4) Where will you go? If you are in your home town, directly to the local police department (while you are calling 911). Do you know where the police department is? Have you programmed it into your GPS? Take the few minutes to write down the address, and program it into your GPS. If you are out of town, you have two choices, head for the highway and keep going until you can contact law enforcement (while the car is moving), or if you happen to know a large crowded store is nearby (Wal-Mart, Home Depot, etc), drive right up to their front door and unload everyone into the store for the emergency call to the police.

5) If a vehicle bumps you from behind, what will you do? Curse, leave your baby in the car and walk back to this vehicle? No, do not get out of the car, as this is a common trick used every day because it works so well. This bump should be an emergency signal to your brain to be sure all the doors are locked and windows up. The worst of all circumstances are 2 young men in the car behind you, because as one distracts you, the other jumps in your car and drives off (there goes your now kidnapped child), and you are left alone in the street as the “distraction person” drives off in his car. If you are at all suspicious and have time, take a few pictures through the back window with your cell phone, call 911, and drive to the nearest police station or large occupied store. A similar trap will be obvious now that you are thinking defensively, a vehicle with two or three young men abruptly pulls in front of you and slams on their brakes. You do the same, and hit their rear bumper. Of course you are at fault now, and a very angry young man is running towards your vehicle demanding that you get out and look at the damage. Do not open your door or lower the window. Call 911 immediately, and stay on the line until a law enforcement officer arrives. If you are now looking at a weapon, it is time for lots of gas in reverse and exit the scene to the nearest crowded store. Yes, it is against the law to leave the scene of an accident, but not if you feel threatened.

6) A carjacker may attempt to break a window to gain entry and startle the driver long enough to gain control. This act would startle anyone, but it should also trigger your instinct to exit the area immediately as fast as possible (remember your exit route?). There also exists a clear or tinted film that can be installed on your vehicle windows that will provide a high degree of protection against this kind of window breakage attack. I do not endorse any particular company here, but the YouTube video provided in this article is very informative. I have seen this film cost approximately $400.00 for a standard car, without installation labor. If you cannot avoid a high risk driving route, the protection film may be inexpensive when compared to your safety. I have consulted for many high risk firms that install this film on their office windows, store fronts, homes, and vehicles. It works.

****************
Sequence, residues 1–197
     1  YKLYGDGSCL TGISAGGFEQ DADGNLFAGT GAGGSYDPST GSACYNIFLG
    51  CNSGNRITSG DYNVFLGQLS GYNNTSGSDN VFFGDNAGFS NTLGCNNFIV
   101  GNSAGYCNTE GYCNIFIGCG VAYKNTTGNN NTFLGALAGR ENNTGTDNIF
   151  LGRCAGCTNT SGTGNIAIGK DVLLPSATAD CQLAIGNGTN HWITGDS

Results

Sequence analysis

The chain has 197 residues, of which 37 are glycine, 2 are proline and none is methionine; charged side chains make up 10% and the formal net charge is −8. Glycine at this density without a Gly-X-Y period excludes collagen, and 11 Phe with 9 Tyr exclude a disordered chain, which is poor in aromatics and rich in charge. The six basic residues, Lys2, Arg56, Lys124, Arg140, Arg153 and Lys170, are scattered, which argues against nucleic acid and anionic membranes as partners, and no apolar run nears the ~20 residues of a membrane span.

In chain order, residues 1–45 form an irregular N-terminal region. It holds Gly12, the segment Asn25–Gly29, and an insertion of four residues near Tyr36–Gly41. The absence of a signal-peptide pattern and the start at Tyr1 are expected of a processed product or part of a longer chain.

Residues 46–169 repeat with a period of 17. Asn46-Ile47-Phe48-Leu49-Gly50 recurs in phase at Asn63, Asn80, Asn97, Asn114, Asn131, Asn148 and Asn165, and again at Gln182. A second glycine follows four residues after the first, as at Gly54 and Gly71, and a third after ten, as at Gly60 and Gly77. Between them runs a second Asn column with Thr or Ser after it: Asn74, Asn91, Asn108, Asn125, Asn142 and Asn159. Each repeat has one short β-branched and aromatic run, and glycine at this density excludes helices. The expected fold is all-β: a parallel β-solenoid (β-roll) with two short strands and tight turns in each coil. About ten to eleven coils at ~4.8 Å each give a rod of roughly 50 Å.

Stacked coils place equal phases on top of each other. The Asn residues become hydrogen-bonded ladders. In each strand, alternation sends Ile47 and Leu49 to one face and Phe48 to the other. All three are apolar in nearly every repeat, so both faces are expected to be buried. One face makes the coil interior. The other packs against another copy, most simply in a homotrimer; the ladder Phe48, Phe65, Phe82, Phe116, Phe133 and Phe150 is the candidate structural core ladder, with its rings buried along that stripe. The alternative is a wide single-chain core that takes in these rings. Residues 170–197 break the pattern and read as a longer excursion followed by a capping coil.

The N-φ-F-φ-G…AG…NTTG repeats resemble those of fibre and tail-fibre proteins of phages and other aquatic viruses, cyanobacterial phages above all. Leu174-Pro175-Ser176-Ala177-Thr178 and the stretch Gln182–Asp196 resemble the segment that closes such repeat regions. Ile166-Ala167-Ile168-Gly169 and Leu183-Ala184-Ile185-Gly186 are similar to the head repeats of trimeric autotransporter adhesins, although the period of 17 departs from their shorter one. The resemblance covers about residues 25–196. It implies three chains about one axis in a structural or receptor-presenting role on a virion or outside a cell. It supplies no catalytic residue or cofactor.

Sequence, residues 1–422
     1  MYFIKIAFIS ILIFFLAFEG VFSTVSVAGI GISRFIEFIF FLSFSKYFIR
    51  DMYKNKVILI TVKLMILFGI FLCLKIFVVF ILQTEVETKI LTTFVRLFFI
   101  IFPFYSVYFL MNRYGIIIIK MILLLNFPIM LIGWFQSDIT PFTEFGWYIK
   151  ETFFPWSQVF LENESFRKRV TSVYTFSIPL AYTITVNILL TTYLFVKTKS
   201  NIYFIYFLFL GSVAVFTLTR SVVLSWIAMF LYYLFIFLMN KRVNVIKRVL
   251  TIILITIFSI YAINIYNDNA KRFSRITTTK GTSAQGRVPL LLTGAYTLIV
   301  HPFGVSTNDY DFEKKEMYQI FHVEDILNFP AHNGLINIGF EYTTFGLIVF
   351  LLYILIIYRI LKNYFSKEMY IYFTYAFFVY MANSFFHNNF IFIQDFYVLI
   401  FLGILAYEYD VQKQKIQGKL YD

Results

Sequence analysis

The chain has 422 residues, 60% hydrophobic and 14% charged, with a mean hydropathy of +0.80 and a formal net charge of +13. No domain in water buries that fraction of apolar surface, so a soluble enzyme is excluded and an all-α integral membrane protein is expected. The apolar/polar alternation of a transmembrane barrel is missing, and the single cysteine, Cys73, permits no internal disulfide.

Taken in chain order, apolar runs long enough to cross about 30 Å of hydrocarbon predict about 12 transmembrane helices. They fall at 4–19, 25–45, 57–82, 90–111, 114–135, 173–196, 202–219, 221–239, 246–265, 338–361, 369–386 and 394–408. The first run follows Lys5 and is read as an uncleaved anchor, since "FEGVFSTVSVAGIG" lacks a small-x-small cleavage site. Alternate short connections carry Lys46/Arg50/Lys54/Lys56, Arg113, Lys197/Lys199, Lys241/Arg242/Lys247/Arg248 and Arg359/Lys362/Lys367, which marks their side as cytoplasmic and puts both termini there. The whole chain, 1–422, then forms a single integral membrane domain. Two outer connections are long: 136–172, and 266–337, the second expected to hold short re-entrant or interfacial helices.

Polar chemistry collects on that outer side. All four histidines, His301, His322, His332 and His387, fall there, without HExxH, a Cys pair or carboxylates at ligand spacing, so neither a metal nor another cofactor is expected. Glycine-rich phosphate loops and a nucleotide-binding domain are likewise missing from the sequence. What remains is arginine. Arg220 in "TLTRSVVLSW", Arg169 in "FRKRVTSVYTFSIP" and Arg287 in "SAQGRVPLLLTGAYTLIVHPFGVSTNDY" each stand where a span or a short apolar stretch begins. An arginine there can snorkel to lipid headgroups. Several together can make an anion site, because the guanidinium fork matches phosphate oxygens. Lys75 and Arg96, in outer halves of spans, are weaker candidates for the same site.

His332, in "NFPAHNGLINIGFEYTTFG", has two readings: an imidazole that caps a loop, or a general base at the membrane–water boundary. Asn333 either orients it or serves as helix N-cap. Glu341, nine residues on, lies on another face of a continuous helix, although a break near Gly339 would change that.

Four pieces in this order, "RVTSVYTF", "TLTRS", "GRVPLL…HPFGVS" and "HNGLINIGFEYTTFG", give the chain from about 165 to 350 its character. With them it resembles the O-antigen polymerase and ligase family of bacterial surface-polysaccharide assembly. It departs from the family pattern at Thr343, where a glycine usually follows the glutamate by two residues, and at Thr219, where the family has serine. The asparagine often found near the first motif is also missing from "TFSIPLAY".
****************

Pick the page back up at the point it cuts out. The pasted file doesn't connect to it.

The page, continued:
You must plan ahead, be aware, and if you can’t keep your vehicle moving, have an emergency exit plan.

You may see advice recommending that you give up your keys and let the carjacker have your car. I do not agree, as there are too many variables that could happen when you open your door.

  • For instance, you are now a witness and nobody wants to leave a witness behind. Therefore he kills you before driving away or kidnaps you or leaves you standing in the street for the second car in this incident to kidnap you.
  • What about your passengers? They are now kidnapped and you may never see them again.

Because of my Martial Arts background, I’m often asked “Tell me about all the fights you have been in”, and I respond sometimes with this Chinese proverb learned from an instructor “The greatest victory, is the battle not fought”.

Your greatest victory will be planning, practicing, and preparing for a dangerous carjacking, and then succeeding in avoiding it.


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      7 years ago

      I used to live in Tamps, FL, where it was dangerous just stopping at stop lights. Car jackings were common, even in broad daylight. Wherever you live, this is a reminder that you can be a random victim. Taking these sorts of precautions makes good sense. Thanks for the reminder to be vigilant!